Hello and apologies for the long delay between posts. We’ve been busy filming and editing a number of different projects.
There’s quite a bit of difference between our last post all about luxury yachts and this one all about the Aetas one of the indigenous people of the Philippines. The Aetas are thought to be one of the first inhabitants of the Philippine islands and are Australo-Melanesians, which includes other groups such as Aborigines in Australia; Papuans; and the Melanesians of the Solomon Islands, Vanuatu, Fiji, and the French overseas special collectivity of New Caledonia. The Aetas have often been discriminated against because of the dark colour of their skin and their nomadic ways. Their lives changed forever after the eruption with many of their ancestral lands covered in volcanic ash rendering the soil unworkable for years. This presented huge challenges for a people so heavily dependent on agriculture and the forest for their livelihood. Rehabilitation efforts have been underway for some time but there’s still so much more work that needs to be done. We’ve actually produced a couple of different stories about the Aetas in Zamabales, Philippines.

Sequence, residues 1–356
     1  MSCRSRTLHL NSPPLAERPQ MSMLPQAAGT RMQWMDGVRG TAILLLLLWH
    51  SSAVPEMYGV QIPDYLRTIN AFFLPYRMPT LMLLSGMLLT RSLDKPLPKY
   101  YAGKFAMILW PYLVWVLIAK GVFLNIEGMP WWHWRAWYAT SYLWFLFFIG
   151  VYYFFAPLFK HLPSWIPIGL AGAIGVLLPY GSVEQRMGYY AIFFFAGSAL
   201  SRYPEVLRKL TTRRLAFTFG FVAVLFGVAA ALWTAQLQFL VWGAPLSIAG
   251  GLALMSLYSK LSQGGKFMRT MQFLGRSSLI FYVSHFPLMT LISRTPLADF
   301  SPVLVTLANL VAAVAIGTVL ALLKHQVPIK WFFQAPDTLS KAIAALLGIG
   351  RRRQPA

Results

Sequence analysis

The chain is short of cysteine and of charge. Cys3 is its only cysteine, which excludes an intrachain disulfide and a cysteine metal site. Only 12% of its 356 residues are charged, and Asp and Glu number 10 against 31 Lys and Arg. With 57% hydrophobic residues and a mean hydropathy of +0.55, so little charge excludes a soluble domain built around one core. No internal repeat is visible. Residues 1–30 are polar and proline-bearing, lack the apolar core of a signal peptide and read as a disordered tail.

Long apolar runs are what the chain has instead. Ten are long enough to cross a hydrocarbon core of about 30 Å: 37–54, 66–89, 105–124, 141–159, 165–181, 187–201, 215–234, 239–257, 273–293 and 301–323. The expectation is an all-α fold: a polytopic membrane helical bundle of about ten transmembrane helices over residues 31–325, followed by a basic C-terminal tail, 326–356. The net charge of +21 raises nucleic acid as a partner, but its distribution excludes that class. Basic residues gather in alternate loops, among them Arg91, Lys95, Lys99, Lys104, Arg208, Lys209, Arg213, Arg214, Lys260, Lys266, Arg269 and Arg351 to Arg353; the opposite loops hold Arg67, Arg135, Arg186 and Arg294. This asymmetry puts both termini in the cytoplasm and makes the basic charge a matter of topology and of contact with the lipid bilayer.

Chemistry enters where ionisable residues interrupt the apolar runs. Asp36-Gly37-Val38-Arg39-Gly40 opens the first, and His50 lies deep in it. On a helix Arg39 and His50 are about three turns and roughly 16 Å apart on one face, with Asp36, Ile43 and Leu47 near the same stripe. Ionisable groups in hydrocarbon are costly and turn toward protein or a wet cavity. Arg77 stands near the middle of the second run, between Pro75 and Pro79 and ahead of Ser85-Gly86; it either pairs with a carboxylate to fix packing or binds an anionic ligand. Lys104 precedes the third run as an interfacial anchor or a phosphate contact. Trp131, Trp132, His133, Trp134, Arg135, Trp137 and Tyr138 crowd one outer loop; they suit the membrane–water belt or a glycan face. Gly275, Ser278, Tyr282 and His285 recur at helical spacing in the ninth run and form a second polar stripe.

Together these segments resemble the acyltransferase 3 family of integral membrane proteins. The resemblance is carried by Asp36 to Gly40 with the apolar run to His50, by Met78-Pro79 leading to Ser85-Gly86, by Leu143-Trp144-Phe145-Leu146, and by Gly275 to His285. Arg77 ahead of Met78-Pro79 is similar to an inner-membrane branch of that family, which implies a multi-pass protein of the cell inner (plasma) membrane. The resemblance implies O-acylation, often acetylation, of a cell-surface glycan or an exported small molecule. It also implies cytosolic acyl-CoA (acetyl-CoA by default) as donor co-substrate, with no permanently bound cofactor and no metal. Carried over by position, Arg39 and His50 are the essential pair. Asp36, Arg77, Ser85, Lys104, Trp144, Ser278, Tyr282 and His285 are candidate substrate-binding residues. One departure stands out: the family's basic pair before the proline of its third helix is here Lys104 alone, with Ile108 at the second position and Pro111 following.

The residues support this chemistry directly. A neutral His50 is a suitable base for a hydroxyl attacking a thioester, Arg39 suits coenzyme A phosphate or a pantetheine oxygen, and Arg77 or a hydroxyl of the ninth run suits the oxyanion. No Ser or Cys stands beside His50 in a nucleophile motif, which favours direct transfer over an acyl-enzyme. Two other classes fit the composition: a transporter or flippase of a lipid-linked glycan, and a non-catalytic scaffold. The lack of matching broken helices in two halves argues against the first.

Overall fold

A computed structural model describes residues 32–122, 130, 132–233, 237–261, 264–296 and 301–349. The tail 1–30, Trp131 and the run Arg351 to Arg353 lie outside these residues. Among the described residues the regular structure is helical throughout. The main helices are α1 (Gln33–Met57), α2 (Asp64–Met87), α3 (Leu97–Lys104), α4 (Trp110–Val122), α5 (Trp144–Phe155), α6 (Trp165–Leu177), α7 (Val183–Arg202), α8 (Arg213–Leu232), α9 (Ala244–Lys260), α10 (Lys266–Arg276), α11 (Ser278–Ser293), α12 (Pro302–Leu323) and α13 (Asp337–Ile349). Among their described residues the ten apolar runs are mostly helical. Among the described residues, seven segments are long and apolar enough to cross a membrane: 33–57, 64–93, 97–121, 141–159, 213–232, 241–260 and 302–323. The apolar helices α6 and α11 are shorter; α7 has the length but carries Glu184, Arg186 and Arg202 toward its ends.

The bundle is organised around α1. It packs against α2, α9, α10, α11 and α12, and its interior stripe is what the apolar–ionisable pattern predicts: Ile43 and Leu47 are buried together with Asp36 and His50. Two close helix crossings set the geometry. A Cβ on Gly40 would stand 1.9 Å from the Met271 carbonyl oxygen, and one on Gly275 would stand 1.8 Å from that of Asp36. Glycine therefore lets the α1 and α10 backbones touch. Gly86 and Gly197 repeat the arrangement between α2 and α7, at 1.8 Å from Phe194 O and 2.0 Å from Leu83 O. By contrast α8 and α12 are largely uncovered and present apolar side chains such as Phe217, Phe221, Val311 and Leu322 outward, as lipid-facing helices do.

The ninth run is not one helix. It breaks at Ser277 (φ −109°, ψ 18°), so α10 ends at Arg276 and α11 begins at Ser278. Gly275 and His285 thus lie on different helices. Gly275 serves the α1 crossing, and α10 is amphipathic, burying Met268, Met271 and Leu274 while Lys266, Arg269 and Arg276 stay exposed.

This most recent video tells the story of the reforestation efforts trying to rehabilitate the land that was damaged by the eruption of Mt. Pinatubo. This was a bit of a challenge to film as we had to trek with all our gear up the lahar which was waist deep with water at points as we are now in the rainy season here in the Philippines.
However it was worth it for the stunning views and to meet the Aeta community. We took our drone to get a different perspective of the lahar which I think really added a visual element to the story.
It was easier for us to access the Aeta’s community because we went with the good folks at MAD Travel and Circle Hostel, they’ve asked for permission and the community has been so welcoming especially after walking more than an hour in lahar to be greeted with a very hearty lunch!
The first Aeta story was about the Jungle Environment Survival Training Camp in Subic where Aetas trained US soldier’s jungle survival skills before they were deployed to the Vietnam. The camp is still running despite the US armed forces leaving the Philippines in 1992.
I think we’ll definitely be back to film/photograph the community again as I have a couple of ideas for another project so watch this space.
If you’re wanting to explore Zambales (not just surf), check out MAD Travel, they have a few tours around Philippines!